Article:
Home Uncategorised Air New Zealand drops ban on staff tattoos

Air New Zealand drops ban on staff tattoos

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Air New Zealand will end a ban on staff having visible tattoos, in a move it says will allow staff to express cultural and individual diversity.

Some New Zealanders with Maori heritage wear tattoos to mark their genealogy and heritage.

The airline said from 1 September, all employees will be able to display “non-offensive” tattoos at work.

It said there was growing acceptance of tattoos, particularly as a means of personal expression.

The airline’s tattoo restrictions attracted criticism and some accused it of hypocrisy for using other aspects of Maori culture – such as language and symbols – in its marketing efforts. 

Local media also reported the policy shift comes after high-profile cases of individuals who had been refused roles at Air New Zealand because of visible tattoos.

Air New Zealand Chief Executive Officer Christopher Luxon said the firm wanted to embrace diversity and allow employees “to express individuality or cultural heritage”. 

“We want to liberate all our staff including uniform wearers such as cabin crew, pilots and airport customer service teams who will, for the first time, be able to have non-offensive tattoos visible when wearing their uniforms.” 

The airline said research found one in five adult New Zealanders has at least one tattoo, with more than 35% of people under 30 tattooed.

For people of Maori descent, markings known as moko are carved into the skin using chisels. They are a sacred tradition, denoting a person’s links with their family and cultural identity.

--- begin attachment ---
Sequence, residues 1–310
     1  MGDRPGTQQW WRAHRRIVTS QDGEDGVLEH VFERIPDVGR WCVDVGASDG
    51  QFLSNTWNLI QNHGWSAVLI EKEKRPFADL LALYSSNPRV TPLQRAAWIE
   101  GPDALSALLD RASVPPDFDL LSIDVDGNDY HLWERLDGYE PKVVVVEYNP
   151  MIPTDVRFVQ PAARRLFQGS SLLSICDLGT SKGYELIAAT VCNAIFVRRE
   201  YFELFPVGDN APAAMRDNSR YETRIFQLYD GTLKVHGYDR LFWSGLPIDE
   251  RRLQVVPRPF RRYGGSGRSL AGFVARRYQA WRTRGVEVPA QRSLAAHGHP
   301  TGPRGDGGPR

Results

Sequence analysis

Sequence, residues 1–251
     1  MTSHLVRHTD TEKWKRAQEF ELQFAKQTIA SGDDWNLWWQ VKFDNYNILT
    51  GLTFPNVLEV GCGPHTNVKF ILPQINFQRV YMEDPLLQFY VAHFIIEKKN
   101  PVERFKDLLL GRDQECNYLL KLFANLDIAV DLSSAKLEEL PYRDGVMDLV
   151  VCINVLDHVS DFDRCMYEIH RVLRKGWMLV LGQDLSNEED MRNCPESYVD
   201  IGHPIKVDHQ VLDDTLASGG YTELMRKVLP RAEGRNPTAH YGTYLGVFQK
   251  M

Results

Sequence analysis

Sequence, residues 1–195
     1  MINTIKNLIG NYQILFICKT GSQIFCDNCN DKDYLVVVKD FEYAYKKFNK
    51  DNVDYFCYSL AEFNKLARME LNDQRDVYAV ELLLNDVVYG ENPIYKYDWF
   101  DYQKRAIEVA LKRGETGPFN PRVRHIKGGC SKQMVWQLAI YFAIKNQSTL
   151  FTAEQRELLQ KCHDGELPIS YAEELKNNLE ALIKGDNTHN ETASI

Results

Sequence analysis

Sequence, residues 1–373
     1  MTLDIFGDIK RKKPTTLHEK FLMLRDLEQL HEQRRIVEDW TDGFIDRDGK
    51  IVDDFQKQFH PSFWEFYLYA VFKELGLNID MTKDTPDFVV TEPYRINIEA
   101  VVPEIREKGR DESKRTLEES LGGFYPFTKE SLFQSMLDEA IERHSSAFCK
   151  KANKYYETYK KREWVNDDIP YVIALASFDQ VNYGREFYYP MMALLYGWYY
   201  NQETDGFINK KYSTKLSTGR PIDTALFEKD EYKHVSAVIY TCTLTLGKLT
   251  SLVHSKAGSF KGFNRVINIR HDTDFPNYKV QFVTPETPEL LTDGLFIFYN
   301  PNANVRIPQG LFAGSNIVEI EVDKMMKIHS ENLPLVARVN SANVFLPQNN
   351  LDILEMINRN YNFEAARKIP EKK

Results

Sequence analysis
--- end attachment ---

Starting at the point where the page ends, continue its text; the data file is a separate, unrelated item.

Facial tattoos – moko kauae – are of particular importance. Men’s moko tend to cover their entire face, while the women’s cover the chin.

Air New Zealand said the move to drop the ban followed five months of research with customers and staff. 

A spokesperson for the national carrier said it would “treat tattoos like speech” to determine what would be considered offensive. 

“In the same way you shouldn’t swear, make hateful comments, lewd jokes, or use violent language in the workplace for example, the same goes for tattoos,” the spokesperson said. 

She said where the situation is unclear, the airline will have a Tattoo Review Panel “to assist employees and managers to determine whether a tattoo is aligned with our policy”.

22 COMMENTS

  1. Dear Air New Zealand

    Your policy now says only non-offensive tattos are allowed.

    I am offended by all tattoos, which should save you the problem of deciding which tattoos are allowed.

    Yours

    A potential customer.

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  2. “non-offensive tattoos”
    Clearly they mean Brown people with tattoos are okay- White people bad!

    This is going to be fun- Make sure you complain about every single tattoo as ‘Offensive’…e:g I find facial tattoos offensive as to me they are a symbol of criminal gangs..

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  3. I’m presuming from the comments about “cultural tattoos” will limit what the AirNZ customer will be exposed to will be Maori or PI cultural tattoos? Or how far do you take this if someone claims their tattoo is cultural to them? What about a Celtic symbol? What about script marking the death of a loved one? What about a rainbow because the staff member is gay, or a rose, dolphin, or any other special symbol to that staff member.

    “Facial tattoos – moko kauae – are of particular importance. Men’s moko tend to cover their entire face, while the women’s cover the chin.”

    Not all of us are comfortable with tattoos. A tattoo on a cabin crews arm is passable. Facial tattoos is definitely too far. No to that.

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    • I was talking to an old friend yesterday who has recently got a moko kauae, she is a cook/chef. I have to say that it looked good on her.